Kukla's Korner Hockey
from the Toronto Star,
According to a source, Roberts told Florida Panthers GM Mike Keenan that he is leaving Florida for Toronto — either as a Leaf or to retire. Roberts' threat to retire certainly won't do much for Keenan's bargaining power when it comes to a trade with the Leafs. One thing working in Keenan's favour, however, is that he could allow Roberts to retire and it likely wouldn't have a big effect on his salary cap situation. Should Roberts retire, his entire $2.25 million (all figures U.S.) salary would go against the salary cap.more about the Leafs...
Here's hoping everyone enjoys their Holiday here in the States. Be safe and be careful. When I was a kid I had a very unfortunate accident on this day. A pack of 80 firecrackers went off in my pocket, causing 3rd degree burns and ruining my summer. So please play safe when around any type of fireworks. I will be updating throughout the day, but maybe not as quickly as I would on a normal day.
from Terry Jones of the Edmonton Sun,
It is what it is. And it's over. Chris Pronger ends up with a far better fate than he deserves. The Anaheim Ducks become a power with Pronger and Scott Niedermayer, the top two defencemen in the league, playing together. The Oilers couldn't win or even come close to winning in doing this deal, but Joffrey Lupul is a good young pro player, 20-year-old Czech defenceman Ladislav Smid will play next year and they've loaded up on drafts. Never a deal you'd make under any other circumstances. But GM Kevin Lowe doesn't have to apologize to anybody. Edmonton doesn't overcome an undeserved self-image hit where it hurts most - in hockey - with this deal. But you've been dealing with that for a couple of weeks already. It is what it is. And now you can get over it.continued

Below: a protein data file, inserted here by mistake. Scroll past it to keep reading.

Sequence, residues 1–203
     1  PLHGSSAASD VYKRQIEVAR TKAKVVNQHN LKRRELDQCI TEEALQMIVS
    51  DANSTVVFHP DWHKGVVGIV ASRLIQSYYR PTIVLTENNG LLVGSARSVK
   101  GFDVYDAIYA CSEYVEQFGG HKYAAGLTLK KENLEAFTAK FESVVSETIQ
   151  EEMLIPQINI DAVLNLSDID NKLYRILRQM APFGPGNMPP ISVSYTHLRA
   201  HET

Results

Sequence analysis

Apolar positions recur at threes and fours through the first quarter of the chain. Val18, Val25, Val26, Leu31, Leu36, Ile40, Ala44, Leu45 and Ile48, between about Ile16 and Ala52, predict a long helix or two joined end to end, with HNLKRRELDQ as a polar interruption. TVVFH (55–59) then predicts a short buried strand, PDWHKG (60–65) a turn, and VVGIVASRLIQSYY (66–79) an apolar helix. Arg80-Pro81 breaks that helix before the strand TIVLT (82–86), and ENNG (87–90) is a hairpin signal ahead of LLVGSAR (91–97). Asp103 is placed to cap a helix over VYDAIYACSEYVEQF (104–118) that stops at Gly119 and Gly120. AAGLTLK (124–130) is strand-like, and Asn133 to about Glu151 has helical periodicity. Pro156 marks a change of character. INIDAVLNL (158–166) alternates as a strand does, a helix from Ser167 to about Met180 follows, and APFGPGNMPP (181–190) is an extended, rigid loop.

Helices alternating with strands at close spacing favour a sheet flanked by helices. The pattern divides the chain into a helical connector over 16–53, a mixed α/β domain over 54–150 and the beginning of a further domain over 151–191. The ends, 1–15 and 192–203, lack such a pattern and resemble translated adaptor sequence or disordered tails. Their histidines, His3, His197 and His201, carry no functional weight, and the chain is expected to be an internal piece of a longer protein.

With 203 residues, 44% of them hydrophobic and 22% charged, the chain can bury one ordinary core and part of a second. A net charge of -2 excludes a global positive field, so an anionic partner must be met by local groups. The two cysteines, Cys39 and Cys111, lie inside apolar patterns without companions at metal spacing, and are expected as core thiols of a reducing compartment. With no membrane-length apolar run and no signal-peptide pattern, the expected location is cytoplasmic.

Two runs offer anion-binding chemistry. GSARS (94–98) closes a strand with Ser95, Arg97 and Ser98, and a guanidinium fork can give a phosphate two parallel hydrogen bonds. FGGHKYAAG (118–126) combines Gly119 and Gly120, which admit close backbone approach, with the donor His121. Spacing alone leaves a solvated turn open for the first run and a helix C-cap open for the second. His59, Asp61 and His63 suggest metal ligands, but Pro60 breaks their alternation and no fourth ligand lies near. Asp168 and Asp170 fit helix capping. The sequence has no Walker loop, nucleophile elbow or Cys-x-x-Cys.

from the Buffalo News,
"I loved it there in Buffalo," Grier said in a conference call. "Darcy and the organization treated me well. I just felt going forward San Jose was a better fit. There's some uncertainty in Buffalo." Grier echoed comments made last week by co-captain Daniel Briere, who said players were "a little nervous" about how the front office will handle the offseason. Numminen's signing gives the Sabres only four players under contract. They lost defenseman Jay McKee to the St. Louis Blues on Saturday, a move Grier lamented. "It's a young team," Grier said. "They have a lot of guys who will be unrestricted free agents in a few years. It's going to be tough to keep everyone around. "Sometimes you have to make a business decision and go with your gut feeling on where you think things are going."more
from the Vancouver Sun,
"I have never been more embarrassed to work in the NHL as I was on July 1 and 2 because I know we can't support the salaries. We're going head-to-head with people who are nuts, absolutely out of their minds." - Brian Burke, 2001 Where is Brian Burke when you need him? When the National Hockey League in the summer of 2006 cries out for a voice of reason, for sobering perspective on this free-agent madness? Oh, yeah, Burkie was busy Monday lifting Chris Pronger and his $31.25-million-US contract from the Edmonton Oilers.continued
from the Rochester Democrat and Chronicle,
Gionta became a restricted free agent on Saturday and has three options: re-sign with the Devils, file for salary arbitration by Wednesday or test the free-agent marketplace. Affecting the decision for Gionta and his agent, Steve Bartlett of Pittsford, is what could lie ahead after next season. If he signs for just one year this summer, he becomes an unrestricted free agent next July. "One year may be in our best interests unless we clearly get (in a long-term deal) what we think will be market value in an open market," Bartlett said. "In an open market, I know Brian Gionta would be extremely valuable."read on